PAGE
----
Five Ideas for 2004
Wednesday, January 7, 2004
by Mark Hurst
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I have five ideas for you to consider this year. They're not exactly
predictions - you can get those almost anywhere, this time of year -
but rather thought-starters for you to consider as the new year
Each idea is listed with pointers, if you're interested in learning
or doing more.
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IDEA 1. Organization is the hardest part of user experience work.
This is an idea I've written about in the past, but it bears
repeating as the primary challenge in creating good experiences: how
do you work within the organization to get the change made?
This year, think about how to create positive change within the
organization. Not merely to be right in the suggestions you make,
but to actually create a tangible change with measurable results.
The Most Important User Experience Method
Top Sites' User Experience Teams and Their Challenge
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IDEA 2. The big picture is the only picture.
Many widely-used user experience methods ignore the big picture in
favor of tiny, tactical details. My favorite example is the
traditional task-based usability test, which presumes to define the
tasks of the test before the customer even shows up - ignoring the
"big picture" of the customer's context.
My colleague Josh Seiden compares it to sandpaper: if you're
building a house, you wouldn't start with the fine-grain sandpaper -
the logs aren't even cut yet! To build the house, you start with the
"strategic" tools - blueprints, saws, hammers - then you gradually
work down to the tactical level. It's impossible to build a house
(or a customer experience strategy) out of fine-grained sandpaper
(or task-based user tests).
Four Words to Improve User Research
The ROSE framework (read the "S" bullet!)
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IDEA 3. Experience is bigger than Web usability.
This year, make it a point to observe the experiences around you.
Not just online, but everywhere. Certainly commercial experiences -
shopping, travel, banking, health care, etc. - but elsewhere as
well: what is your experience with art? Music? Architecture? The
neighborhood where you live? And the central question - what
makes the experience good or bad?
The key here is to understand that what you do at work - whether
you're a marketer, designer, manager, usability practitioner, or
anything else - concerns just a tiny piece of what experience
actually is. I want the Good Experience newsletter to broaden your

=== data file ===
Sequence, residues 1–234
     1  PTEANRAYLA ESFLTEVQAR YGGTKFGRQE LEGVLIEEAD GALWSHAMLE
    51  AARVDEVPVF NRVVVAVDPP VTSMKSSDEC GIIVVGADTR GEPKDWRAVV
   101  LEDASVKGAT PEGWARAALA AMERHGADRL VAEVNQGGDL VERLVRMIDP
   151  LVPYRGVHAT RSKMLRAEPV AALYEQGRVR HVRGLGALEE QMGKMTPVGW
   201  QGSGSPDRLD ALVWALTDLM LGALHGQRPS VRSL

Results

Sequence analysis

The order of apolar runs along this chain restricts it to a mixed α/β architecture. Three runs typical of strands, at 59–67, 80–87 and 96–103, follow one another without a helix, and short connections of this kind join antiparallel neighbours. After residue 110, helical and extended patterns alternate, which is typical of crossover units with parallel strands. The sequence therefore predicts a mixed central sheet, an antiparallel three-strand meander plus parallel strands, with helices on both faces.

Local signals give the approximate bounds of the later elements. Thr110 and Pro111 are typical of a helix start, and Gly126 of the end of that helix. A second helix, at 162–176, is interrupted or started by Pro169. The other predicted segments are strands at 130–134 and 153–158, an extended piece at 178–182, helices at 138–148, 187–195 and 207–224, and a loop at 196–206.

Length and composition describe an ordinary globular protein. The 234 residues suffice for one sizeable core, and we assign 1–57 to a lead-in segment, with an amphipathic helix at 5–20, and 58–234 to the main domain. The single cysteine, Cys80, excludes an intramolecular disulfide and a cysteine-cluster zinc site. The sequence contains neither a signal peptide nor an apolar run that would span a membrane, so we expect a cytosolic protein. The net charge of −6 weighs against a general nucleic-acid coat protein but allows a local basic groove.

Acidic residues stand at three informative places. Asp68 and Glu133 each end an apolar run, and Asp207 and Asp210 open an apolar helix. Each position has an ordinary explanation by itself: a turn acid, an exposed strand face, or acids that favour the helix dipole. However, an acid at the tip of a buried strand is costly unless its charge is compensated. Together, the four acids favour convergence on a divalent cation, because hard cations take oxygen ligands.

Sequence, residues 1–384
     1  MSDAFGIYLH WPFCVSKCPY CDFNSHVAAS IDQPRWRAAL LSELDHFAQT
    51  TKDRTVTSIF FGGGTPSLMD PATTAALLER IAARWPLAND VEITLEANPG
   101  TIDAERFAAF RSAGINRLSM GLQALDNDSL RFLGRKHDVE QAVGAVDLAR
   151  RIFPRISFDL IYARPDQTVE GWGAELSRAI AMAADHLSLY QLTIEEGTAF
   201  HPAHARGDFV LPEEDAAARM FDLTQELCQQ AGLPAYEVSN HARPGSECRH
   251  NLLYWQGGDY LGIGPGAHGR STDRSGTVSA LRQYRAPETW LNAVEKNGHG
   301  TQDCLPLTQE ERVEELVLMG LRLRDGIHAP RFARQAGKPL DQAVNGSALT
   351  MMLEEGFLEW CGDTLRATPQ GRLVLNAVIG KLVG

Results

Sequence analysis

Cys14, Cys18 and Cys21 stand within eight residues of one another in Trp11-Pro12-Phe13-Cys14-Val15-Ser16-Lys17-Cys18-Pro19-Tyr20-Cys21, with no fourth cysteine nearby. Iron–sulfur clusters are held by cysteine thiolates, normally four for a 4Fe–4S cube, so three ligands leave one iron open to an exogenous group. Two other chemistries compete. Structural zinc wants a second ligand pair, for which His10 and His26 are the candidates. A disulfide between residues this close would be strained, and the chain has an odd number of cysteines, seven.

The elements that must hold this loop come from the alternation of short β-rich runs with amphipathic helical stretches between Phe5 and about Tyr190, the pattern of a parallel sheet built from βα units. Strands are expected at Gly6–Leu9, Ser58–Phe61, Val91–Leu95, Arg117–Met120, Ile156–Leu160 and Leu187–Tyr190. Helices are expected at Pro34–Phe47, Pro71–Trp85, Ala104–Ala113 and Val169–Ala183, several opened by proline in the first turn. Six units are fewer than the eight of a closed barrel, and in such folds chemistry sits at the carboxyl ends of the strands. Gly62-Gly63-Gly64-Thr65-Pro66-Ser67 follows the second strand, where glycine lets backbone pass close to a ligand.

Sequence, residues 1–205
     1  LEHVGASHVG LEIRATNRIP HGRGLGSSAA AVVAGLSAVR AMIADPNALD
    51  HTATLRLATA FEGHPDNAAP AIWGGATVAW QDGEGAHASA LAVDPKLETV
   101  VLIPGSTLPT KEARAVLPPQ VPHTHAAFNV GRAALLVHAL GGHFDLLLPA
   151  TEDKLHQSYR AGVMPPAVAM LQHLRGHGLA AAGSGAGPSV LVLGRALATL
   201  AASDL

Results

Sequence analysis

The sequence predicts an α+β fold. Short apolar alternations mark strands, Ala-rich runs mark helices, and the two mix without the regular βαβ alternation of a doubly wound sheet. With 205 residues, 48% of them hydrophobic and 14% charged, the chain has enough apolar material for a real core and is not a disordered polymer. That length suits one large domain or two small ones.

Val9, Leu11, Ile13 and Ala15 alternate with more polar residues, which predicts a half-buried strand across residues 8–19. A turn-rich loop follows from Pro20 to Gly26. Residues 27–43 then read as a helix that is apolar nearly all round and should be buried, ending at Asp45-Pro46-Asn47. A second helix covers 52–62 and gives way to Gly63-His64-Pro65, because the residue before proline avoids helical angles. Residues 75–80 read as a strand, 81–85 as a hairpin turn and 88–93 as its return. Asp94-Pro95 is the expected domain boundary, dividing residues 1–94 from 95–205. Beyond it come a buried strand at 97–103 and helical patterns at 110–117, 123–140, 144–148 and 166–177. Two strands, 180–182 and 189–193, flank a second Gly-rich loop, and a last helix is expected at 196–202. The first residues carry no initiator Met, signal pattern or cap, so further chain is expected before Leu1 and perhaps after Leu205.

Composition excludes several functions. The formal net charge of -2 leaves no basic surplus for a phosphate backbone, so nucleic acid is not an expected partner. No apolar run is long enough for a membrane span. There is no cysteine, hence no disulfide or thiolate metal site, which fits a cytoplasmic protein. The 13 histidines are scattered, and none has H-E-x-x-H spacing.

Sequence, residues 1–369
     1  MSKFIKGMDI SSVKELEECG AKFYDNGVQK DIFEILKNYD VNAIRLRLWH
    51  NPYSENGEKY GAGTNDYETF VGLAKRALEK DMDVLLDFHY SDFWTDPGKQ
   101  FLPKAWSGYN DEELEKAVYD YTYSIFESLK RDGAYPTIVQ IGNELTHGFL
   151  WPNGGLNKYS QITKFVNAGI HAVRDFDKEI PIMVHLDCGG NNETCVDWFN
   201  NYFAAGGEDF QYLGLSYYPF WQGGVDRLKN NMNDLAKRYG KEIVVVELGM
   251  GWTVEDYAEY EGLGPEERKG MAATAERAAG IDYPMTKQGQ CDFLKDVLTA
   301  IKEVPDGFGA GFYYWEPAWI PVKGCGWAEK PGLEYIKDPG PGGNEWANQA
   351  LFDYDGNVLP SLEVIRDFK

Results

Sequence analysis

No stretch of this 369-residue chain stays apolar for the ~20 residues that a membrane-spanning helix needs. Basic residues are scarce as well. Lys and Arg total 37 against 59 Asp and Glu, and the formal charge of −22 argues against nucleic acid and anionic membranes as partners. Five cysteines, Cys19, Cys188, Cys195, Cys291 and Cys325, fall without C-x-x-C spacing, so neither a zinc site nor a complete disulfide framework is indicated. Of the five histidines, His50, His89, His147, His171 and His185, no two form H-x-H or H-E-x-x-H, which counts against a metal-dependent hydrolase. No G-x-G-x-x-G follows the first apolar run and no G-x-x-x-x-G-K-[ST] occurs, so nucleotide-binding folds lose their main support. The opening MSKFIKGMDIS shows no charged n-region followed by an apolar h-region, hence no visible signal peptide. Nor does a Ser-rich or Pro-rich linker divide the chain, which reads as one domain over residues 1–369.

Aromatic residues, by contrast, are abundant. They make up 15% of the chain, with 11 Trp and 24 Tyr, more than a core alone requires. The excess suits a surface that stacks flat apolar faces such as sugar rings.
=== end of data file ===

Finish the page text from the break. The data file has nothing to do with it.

awareness about what "good experience" really means.
To explore the subject of good experience in all its forms, come to
the second Gel conference in New York in April.
If you can't make it to Gel this year, you can still read the
transcripts of last year's Gel speakers.
If you see a bad experience, take a photo and send it in to
This Is Broken.
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IDEA 4. Blogs are just content management systems.
2003 was the year that weblogs broke into the popular press.
Presidential candidate Howard Dean owes some of his recent success
to his use of blogs and other technology. Several top journalists
are using blogs to augment their regular columns.
But the popular conception of blogs - as online personal journals,
with the most recent diary entry at the top - is a grossly limited
vision of what this technology actually provides.
Blogs are actually just an easier-to-use version of the content
management system, a tool that (albeit in a harder-to-use form) has
been with us for years, in many environments, with a far greater
impact than the online diary. There's nothing new about blogs except
that they're easier than what was there before (which, in my book,
is the single most important advancement any digital technology can
Watch this year - oops, is this a prediction? - for blog companies
to pitch their software as CMS tools, not "blogs." Perhaps they'll
drop the geeky "blog" term altogether, for uses outside diaries.
-> Pointer: Check out an unlikely use of the (excellent) Moveable
Type system - a
personal project of mine, the archives of sermons from the church I
attend. (Note that the word "blog" appears nowhere on the page.)
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IDEA 5: Managing one's bits is an increasingly essential skill.
Last fall I began coaching a friend of mine on his bit literacy -
the ability to manage one's bits: e-mail, pictures, files, contacts,
calendar, applications,... everything that laptops and other digital
devices might hold.
I've learned that bit literacy is a skill that most people don't
have, and almost no one else is talking about. Yet it's an
increasingly essential skill. We deal with more and more incoming
bits every day - and not just spam mail. Bit literacy is the ability
to manage it all and still be effective.
This idea is more of a resolution for me this year: to focus
more on writing about bit literacy: what it is, why it's important,
and how to attain it.
-> Pointer: Check out Hurst's Law, which I named recently in the EDGE
Question Center (along with responses from Marvin Minsky, Howard
Rheingold, Sherry Turkle, Craig Venter, and others). I'll write more
about this another time...
And if you haven't read it yet, this is the beginning of
bit literacy: the Managing Incoming E-mail report.
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Come to the conference! Good Experience Live, Friday, April 30, 2004 in New York City.
Back to Good Experience
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